Loss of oil as a weapon for the Arabs, Iran resuming nuclear activities, the emergence of Saudi Arabia are some reasons for the Israel-UAE deal
I was at the Non-Aligned Movement (NAM) summit in Havana in 1979 soon after Egypt normalised relations with Israel with the blessings of the United States.
A pall of gloom descended over the summit chaired by Fidel Castro as the entire Arab world demanded that Egypt should be expelled from NAM for an act of betrayal. The summit was dominated by the issue and it remained doubtful whether Egypt would be able to retain its membership.
A heroic effort by a group of countries, nicknamed the “Gang of Four” - Cuba, Yugoslavia, Algeria and India - salvaged the situation. Egypt was severely reprimanded, but allowed to continue as a founder member of NAM.
The Abraham Accord of 13 August 2020 is equally game changing even after a lapse of 40 years, but reactions were low-key in the Arab world and many countries welcomed it as an important step on the road to peace.
The whole context has changed after Jordan followed Egypt in 1994 and now the UAE has become the first GCC country to fall in line. In between, the US Presidents, regardless of party affiliation, supported the two-nation theory, but stood solidly behind Israel in its policy of holding Palestinian land till peace is established in the form of recognising Israel.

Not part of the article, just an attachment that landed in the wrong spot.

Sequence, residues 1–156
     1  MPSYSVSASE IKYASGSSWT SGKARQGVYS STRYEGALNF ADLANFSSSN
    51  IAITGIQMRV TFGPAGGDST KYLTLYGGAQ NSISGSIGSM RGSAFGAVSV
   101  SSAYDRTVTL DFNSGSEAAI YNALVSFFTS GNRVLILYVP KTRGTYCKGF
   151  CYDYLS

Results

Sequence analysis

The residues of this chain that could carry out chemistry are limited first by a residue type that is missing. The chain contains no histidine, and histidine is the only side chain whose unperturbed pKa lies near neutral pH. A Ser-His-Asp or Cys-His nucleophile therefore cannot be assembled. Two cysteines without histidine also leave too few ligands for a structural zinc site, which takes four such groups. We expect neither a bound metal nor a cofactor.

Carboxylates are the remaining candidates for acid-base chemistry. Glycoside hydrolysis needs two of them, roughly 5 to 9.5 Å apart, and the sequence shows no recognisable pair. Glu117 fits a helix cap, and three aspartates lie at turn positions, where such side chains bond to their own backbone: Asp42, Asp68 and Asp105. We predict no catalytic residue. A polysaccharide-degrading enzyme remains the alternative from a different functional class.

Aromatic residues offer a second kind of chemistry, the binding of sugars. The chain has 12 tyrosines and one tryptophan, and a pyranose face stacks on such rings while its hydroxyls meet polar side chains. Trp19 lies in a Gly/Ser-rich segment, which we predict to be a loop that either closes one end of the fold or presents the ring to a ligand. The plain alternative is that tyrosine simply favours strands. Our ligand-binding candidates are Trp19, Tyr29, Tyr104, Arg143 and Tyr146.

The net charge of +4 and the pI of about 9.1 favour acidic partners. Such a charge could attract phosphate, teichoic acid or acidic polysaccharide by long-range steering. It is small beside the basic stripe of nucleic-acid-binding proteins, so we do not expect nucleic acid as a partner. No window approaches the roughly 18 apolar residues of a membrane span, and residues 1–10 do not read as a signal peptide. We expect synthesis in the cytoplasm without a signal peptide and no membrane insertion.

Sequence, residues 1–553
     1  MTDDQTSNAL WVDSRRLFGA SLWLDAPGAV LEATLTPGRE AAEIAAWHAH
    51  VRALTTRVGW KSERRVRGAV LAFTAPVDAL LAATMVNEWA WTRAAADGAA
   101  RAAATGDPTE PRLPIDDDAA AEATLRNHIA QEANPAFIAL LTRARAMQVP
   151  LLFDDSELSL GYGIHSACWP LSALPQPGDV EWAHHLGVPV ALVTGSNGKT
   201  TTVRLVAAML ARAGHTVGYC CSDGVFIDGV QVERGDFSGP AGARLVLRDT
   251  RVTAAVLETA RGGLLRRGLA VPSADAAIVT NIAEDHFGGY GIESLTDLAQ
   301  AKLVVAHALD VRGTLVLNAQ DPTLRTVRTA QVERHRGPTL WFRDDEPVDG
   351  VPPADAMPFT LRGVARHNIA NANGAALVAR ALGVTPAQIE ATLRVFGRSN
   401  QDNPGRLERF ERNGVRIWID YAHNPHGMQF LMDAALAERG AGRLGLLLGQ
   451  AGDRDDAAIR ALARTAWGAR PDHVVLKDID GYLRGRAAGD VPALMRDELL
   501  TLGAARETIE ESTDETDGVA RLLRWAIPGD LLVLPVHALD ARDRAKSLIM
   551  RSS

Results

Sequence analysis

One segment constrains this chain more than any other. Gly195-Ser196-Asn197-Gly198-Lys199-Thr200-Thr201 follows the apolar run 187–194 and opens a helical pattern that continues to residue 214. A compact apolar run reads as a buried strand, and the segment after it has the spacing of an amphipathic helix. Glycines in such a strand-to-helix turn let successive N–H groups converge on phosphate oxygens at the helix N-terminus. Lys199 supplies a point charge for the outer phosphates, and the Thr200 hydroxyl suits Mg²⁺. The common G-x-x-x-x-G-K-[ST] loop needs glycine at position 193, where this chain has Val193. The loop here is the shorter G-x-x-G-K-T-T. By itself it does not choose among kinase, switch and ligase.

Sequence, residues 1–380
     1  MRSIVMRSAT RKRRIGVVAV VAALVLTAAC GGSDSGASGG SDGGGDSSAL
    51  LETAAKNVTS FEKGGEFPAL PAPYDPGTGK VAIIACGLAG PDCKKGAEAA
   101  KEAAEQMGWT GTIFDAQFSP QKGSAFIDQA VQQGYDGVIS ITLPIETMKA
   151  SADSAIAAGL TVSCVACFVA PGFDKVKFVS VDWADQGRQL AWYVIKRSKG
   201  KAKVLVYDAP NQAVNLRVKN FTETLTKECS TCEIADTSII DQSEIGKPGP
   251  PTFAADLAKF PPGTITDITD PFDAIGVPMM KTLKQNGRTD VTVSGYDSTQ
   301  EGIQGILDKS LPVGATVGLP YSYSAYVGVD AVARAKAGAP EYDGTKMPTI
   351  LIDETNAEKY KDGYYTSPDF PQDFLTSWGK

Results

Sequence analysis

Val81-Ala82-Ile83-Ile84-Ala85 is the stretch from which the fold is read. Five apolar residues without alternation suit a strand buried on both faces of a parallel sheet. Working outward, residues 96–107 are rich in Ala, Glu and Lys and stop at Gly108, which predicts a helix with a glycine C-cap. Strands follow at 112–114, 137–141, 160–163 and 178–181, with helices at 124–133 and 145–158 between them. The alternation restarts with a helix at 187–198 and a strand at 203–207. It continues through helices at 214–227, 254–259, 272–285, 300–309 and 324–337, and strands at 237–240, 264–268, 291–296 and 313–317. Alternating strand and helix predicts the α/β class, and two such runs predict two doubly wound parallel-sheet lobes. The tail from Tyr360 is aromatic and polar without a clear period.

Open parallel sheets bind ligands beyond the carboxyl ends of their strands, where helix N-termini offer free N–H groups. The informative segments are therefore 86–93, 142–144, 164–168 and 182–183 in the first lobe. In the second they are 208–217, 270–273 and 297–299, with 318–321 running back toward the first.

President Trump took the extraordinary step of recognising Jerusalem as the capital of Israel, leaving the issue of the two-nation theory intact. Most of these developments led to severe criticism from the Palestinians and their friends, but a desire for normalcy in West Asia demanded concessions from all sides.
Among the many factors that led to the accord were the loss of oil as a weapon for the Arabs, the emergence of Iran as a destabilising factor in the Gulf with its resumed nuclear activities, the emergence of Saudi Arabia, the determination of President Trump to have his way in West Asia and the Gulf and Netanyahu’s weakening position in his own country on account of repeated failure to get a clear majority in the elections and corruption charges against him.